I was born in Glasgow in 1968, and I’ve lived in the west of Scotland throughout my life.
I attended school in Greenock. By the time I finished secondary education, I played the French horn and what I wanted more than anything was to be an orchestral musician. Or better still, a soloist. I loved horses. And I wrote. Insatiably.
I’d assumed I’d go to music college, but university was recommended instead, because – my French Horn tutor said – I wasn’t single-minded enough to be a musician. At this time, I still fully intended to take up music as a career, but in second year, quite by accident, I discovered archaeology. I graduated a couple of years later with an MA in Archaeology, and went on to do a Ph.D. at Glasgow, specializing in the Late Bronze Age metalwork of Essex and Kent.
Throughout this period, I kept on writing. Science fiction, because that’s what I liked reading. Most of the time, I wrote as an antidote to studying, and what I enjoyed writing most was fan fiction, set in the Star Wars universe, though back then, writing fan fiction was something you wouldn’t admit to in polite company! My close friends, who were all Star Wars fans, understood this, and encouraged me, though everyone else thought I was quite mad! Some of these friends were writers themselves, and it was through them that I had my work published in a number of fanzines, including Imperium and A Tremor in The Force. I even circulated some longer pieces myself. A few examples of my work can be found here, courtesy of Moonlight Fiction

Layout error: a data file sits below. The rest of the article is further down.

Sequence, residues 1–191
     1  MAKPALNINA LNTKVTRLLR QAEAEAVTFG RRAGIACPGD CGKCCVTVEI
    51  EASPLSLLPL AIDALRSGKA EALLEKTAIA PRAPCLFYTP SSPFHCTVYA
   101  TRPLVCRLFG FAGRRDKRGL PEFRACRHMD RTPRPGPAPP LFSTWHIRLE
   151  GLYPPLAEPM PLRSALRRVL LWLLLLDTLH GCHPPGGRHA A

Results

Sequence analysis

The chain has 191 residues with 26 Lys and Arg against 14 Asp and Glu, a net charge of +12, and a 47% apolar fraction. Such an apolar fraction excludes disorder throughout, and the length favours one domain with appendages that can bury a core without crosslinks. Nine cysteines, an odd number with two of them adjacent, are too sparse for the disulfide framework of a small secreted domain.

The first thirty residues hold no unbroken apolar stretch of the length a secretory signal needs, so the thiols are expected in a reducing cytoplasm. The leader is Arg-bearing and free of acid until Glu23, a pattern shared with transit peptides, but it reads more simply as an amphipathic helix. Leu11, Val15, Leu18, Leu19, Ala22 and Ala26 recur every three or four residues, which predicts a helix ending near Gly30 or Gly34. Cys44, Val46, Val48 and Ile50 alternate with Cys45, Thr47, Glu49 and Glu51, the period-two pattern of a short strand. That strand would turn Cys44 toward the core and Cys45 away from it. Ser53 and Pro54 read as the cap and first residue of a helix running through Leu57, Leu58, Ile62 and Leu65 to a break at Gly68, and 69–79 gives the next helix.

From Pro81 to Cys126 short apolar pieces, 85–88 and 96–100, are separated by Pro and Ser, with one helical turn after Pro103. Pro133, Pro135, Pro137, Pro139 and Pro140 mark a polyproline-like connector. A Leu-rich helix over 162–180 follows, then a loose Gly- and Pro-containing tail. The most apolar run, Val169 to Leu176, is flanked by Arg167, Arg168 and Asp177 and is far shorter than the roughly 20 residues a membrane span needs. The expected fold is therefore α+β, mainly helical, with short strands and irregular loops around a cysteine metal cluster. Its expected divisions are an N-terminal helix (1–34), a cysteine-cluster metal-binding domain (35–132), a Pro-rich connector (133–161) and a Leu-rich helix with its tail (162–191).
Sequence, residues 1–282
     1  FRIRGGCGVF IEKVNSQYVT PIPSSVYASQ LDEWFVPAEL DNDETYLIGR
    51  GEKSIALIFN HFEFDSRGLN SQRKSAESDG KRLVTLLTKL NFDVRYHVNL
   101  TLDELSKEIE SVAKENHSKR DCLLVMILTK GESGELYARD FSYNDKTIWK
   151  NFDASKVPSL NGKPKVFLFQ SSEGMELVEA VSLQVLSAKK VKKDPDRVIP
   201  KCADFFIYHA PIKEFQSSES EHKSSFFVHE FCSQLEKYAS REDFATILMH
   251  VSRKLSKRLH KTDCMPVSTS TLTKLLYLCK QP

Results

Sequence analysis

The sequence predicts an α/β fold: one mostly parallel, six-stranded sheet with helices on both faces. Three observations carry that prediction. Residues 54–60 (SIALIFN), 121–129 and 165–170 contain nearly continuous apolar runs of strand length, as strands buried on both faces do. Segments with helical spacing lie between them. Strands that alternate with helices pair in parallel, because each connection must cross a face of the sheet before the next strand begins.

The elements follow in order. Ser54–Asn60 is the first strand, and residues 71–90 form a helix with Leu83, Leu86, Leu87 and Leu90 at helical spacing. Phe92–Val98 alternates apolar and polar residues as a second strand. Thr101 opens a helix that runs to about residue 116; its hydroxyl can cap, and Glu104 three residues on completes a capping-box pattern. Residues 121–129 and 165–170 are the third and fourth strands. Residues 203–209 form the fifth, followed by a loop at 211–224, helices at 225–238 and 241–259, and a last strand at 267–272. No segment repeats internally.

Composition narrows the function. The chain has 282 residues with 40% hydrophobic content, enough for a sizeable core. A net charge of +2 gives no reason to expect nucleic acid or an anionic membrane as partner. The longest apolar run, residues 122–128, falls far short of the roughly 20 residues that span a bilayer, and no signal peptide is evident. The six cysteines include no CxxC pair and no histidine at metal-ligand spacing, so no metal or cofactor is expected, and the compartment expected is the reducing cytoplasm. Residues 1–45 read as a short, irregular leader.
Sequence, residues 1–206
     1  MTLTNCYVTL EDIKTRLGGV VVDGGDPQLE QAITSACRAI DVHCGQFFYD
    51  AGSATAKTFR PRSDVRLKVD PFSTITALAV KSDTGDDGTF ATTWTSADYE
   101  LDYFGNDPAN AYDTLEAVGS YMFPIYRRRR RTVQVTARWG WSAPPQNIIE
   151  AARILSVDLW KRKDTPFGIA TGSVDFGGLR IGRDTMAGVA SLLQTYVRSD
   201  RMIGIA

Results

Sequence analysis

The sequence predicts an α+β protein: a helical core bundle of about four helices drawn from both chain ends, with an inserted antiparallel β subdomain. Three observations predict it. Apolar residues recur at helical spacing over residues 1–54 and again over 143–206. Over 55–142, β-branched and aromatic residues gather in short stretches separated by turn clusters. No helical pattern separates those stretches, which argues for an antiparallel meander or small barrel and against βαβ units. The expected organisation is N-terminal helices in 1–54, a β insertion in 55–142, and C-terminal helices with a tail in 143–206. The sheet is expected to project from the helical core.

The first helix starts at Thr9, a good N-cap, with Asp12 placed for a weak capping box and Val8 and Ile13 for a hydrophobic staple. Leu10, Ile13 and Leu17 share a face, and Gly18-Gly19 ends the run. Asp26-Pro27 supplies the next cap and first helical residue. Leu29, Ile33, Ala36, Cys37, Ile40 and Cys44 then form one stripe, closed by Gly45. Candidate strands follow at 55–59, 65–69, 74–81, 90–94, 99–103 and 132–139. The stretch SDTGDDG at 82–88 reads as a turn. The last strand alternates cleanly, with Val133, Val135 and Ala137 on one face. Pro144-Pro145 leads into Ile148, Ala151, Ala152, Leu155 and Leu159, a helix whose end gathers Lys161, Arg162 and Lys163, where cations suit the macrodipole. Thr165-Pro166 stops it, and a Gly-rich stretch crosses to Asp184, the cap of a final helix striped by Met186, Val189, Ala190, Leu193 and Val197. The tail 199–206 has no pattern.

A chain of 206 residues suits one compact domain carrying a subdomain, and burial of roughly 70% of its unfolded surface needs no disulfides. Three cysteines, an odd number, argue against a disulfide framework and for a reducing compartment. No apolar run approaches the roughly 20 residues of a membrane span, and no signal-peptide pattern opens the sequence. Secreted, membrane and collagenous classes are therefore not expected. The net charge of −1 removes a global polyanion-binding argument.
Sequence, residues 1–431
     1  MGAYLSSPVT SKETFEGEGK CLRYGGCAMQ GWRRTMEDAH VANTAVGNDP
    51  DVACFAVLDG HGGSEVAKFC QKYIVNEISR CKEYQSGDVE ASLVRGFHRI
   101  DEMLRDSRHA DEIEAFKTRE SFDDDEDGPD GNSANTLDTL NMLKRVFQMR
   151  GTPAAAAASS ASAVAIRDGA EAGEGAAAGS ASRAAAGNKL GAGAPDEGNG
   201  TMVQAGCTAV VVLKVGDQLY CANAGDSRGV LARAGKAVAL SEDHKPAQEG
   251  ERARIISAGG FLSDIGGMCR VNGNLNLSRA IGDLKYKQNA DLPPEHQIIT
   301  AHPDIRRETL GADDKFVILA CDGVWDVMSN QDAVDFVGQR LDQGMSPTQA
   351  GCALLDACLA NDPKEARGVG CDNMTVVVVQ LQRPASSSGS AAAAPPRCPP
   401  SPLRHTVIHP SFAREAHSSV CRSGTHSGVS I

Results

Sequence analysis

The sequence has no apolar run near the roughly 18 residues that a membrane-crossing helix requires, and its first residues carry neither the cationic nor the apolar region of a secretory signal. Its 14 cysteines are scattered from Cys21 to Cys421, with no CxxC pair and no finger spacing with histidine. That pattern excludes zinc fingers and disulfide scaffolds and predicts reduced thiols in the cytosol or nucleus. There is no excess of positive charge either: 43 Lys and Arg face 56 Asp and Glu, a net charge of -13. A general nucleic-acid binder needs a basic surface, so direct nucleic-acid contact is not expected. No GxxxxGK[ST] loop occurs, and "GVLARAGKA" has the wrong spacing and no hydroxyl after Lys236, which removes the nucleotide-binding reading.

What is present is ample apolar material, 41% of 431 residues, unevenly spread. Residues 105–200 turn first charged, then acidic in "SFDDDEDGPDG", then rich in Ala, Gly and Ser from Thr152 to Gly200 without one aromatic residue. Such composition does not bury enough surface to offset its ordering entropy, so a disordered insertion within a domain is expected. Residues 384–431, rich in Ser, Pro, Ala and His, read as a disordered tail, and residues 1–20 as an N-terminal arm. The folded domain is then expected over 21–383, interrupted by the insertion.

Groundstaff Blues was given a Best Short Story award in the mid 1990s by readers of the Star Wars letterzine Southern Enclave…
Somewhere in the midst of all this, I managed to squeeze out a mainstream science fiction story, Busman’s Holiday, which came first in the 1988 Glasgow Herald/Albacon New Writings in Science Fiction competition. Its original success can’t have been a fluke, for it’s since been republished on three separate occasions, in a variety of publications, including a science fiction anthology, an educational textbook, and a history of the Clydeside Scottish Bus Company!
I knew all along that the Star Wars stories were an apprenticeship of sorts, but what they were leading to, I had no idea. I presumed that eventually I’d write science fiction, because that’s what I’d always consumed as a reader. But writing remained a hobby. I wanted to be an archaeologist, and that’s exactly what happened.
Archaeology’s a curious profession; it’s very hard work, and in a commercial environment, it can be very trying. But all in all it’s immensely satisfying. It’s quite a privilege, to have such intimate contact with fragments of other peoples’ lives. Other people long dead, whose whole life experience survives only as a few artefacts or as scribbled words on a manuscript.
With such a background, perhaps it’s not surprising that I finally found myself writing historical fiction. And more to the point – historical fiction set in Scotland. As the old saying goes, always write about what you know. And after twenty years spent immersed in the history and archaeology of the west of Scotland, I think I can claim that it’s familiar territory. My working environment feeds the muse, of course. All the time, I’m snatching glimpses into vanished lives. New connections are made, new avenues become apparent.
And with such mental grist pouring thick into the mill, there’s only one way to respond, of course.
I just keep on writing. Incessantly.
Louise’s debut novel, Fire And Sword, will be published by Hadley Rille Books in September 2013.